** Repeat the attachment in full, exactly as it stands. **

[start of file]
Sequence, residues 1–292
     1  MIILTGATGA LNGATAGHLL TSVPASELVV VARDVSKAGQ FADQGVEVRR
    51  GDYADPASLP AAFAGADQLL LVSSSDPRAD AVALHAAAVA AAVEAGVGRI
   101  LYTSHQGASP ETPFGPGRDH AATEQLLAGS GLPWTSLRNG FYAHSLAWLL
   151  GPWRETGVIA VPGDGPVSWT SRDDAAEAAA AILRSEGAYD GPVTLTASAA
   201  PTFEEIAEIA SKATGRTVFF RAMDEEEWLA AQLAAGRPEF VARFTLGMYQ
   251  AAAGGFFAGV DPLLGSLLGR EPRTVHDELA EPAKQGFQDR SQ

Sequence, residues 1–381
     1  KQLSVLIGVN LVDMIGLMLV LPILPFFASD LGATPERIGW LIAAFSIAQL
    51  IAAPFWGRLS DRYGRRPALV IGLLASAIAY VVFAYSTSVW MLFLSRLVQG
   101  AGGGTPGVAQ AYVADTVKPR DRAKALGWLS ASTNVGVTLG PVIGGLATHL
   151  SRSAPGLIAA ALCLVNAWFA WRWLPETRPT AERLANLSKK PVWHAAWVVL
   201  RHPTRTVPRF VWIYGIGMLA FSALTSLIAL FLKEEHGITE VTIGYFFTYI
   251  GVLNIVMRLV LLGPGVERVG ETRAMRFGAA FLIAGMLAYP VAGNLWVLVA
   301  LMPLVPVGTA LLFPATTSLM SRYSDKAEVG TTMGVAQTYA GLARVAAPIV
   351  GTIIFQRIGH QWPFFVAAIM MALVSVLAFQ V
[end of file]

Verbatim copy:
Sequence, residues 1–292
     1  MIILTGATGA LNGATAGHLL TSVPASELVV VARDVSKAGQ FADQGVEVRR
    51  GDYADPASLP AAFAGADQLL LVSSSDPRAD AVALHAAAVA AAVEAGVGRI
   101  LYTSHQGASP ETPFGPGRDH AATEQLLAGS GLPWTSLRNG FYAHSLAWLL
   151  GPWRETGVIA VPGDGPVSWT SRDDAAEAAA AILRSEGAYD GPVTLTASAA
   201  PTFEEIAEIA SKATGRTVFF RAMDEEEWLA AQLAAGRPEF VARFTLGMYQ
   251  AAAGGFFAGV DPLLGSLLGR EPRTVHDELA EPAKQGFQDR SQ

Sequence, residues 1–381
     1  KQLSVLIGVN LVDMIGLMLV LPILPFFASD LGATPERIGW LIAAFSIAQL
    51  IAAPFWGRLS DRYGRRPALV IGLLASAIAY VVFAYSTSVW MLFLSRLVQG
   101  AGGGTPGVAQ AYVADTVKPR DRAKALGWLS ASTNVGVTLG PVIGGLATHL
   151  SRSAPGLIAA ALCLVNAWFA WRWLPETRPT AERLANLSKK PVWHAAWVVL
   201  RHPTRTVPRF VWIYGIGMLA FSALTSLIAL FLKEEHGITE VTIGYFFTYI
   251  GVLNIVMRLV LLGPGVERVG ETRAMRFGAA FLIAGMLAYP VAGNLWVLVA
   301  LMPLVPVGTA LLFPATTSLM SRYSDKAEVG TTMGVAQTYA GLARVAAPIV
   351  GTIIFQRIGH QWPFFVAAIM MALVSVLAFQ V